Comparison and/or Contrast
In comparing items one can either consider the similarities or the differences that exist between them. The idea is to give a ground to which someone can relate or differentiate the items. Primarily comparison and contrast are used in concepts which fall within the same classification but which possesses inherent differences or similarities that cannot be readily evident to the observer. Comparison and contrast can be useful especially where new concepts are introduced to the observer or reader. In developing comparison and contrast, it is important to start from the known to the unknown so that the person can understand the similarities and differences from a known point of view. Comparison and contrast are sometimes depended on each other so that a feature observable in one object or concept becomes the point of comparison or contrast between two objects.
Cause and Effect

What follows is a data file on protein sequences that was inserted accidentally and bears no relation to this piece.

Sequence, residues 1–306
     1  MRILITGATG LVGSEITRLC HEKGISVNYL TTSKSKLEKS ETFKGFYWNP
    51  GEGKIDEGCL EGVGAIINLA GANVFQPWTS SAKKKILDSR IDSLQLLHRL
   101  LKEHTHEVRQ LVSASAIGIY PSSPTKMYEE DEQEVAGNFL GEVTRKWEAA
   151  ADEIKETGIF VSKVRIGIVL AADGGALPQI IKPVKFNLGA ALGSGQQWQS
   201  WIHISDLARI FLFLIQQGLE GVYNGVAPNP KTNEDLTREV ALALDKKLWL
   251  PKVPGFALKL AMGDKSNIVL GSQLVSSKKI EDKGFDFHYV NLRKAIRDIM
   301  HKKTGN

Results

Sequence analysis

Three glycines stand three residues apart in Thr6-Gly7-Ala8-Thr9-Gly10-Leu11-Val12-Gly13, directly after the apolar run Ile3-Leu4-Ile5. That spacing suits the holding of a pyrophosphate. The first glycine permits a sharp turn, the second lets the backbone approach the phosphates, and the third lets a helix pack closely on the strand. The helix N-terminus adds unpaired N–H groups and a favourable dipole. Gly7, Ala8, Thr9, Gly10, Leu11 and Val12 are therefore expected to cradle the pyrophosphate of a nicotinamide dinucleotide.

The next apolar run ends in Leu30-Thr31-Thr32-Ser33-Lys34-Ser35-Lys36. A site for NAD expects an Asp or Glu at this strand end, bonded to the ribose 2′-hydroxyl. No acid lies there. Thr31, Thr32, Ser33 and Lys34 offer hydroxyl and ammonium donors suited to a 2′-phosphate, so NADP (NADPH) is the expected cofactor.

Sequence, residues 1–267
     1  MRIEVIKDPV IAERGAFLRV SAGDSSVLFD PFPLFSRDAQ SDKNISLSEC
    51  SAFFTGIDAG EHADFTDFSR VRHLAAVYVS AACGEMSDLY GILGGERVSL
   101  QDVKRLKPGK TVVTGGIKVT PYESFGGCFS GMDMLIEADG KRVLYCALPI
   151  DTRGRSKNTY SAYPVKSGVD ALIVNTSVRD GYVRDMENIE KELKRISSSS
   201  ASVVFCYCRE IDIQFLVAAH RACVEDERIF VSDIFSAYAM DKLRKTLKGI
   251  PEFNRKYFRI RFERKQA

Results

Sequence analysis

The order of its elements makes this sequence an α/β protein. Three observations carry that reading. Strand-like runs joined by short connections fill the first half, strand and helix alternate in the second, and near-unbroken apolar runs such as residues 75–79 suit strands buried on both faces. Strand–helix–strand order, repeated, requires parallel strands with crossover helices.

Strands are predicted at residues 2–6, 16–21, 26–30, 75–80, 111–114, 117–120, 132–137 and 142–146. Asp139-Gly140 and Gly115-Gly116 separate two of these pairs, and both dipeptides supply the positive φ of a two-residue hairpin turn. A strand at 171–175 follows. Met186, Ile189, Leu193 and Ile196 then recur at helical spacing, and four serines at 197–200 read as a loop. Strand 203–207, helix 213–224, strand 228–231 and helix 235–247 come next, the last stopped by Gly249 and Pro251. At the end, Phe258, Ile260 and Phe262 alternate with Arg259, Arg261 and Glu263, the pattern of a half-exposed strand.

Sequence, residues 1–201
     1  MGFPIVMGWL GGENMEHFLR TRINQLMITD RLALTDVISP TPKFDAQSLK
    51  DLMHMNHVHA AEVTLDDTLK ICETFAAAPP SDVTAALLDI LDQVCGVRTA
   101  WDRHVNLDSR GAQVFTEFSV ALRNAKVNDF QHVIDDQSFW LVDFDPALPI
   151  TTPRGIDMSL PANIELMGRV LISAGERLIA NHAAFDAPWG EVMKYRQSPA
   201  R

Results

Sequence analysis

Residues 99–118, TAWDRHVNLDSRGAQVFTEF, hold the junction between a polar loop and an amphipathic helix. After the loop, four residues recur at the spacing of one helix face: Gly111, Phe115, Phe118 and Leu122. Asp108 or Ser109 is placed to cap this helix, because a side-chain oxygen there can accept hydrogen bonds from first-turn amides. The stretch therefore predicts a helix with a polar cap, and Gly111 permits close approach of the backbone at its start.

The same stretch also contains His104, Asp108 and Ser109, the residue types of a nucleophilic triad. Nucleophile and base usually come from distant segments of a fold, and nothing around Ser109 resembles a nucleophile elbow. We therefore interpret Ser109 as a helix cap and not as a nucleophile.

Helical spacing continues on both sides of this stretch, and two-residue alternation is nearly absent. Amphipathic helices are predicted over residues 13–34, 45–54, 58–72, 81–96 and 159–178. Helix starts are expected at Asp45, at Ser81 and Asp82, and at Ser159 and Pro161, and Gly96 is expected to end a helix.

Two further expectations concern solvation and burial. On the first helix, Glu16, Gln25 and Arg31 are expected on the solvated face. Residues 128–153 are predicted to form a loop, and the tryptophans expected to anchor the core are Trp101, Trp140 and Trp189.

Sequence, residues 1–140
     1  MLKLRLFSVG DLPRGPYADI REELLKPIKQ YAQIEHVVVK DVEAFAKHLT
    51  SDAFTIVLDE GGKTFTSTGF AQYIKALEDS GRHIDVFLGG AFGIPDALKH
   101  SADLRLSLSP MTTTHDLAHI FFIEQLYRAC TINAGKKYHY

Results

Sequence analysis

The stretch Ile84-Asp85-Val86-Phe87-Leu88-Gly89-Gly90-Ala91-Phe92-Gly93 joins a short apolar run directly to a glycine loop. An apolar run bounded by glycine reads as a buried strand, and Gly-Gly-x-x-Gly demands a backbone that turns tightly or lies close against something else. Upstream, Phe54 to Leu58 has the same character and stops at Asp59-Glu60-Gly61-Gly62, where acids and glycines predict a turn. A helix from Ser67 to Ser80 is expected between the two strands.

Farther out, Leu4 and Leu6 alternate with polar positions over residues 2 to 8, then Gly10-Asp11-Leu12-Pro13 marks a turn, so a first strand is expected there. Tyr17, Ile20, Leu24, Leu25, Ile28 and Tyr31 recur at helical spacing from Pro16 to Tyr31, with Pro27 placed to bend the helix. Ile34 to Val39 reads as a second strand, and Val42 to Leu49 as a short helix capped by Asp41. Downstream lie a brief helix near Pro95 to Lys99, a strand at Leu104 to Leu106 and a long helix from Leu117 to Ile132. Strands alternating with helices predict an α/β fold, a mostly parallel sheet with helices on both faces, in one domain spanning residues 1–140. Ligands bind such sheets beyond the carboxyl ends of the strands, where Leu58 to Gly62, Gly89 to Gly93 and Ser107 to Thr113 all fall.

Case and effect are not mutually dependent on each other. They are unique concepts that depend on factors which are unique to them. Cause and effect essentially involve evaluating and analyzing the causative factors for an event or occurrence and the effect that are likely to come up as a result of the event. Cause and effect are not mutually depended because a particular event can lead to a different effect depending on factors such as timing and the environment in which the event takes place. In the same way, cause can differ in the events which could be seen as similar. In other words, similar events can be caused by different factors. Thus each event is subject to the unique causative factors. In the same way, effects depend on the conditions which exist at the time so that each is unique. Analyzing cause and effect requires that one considers different elements including the reason for the event, the time, and the environment in which the event occurs.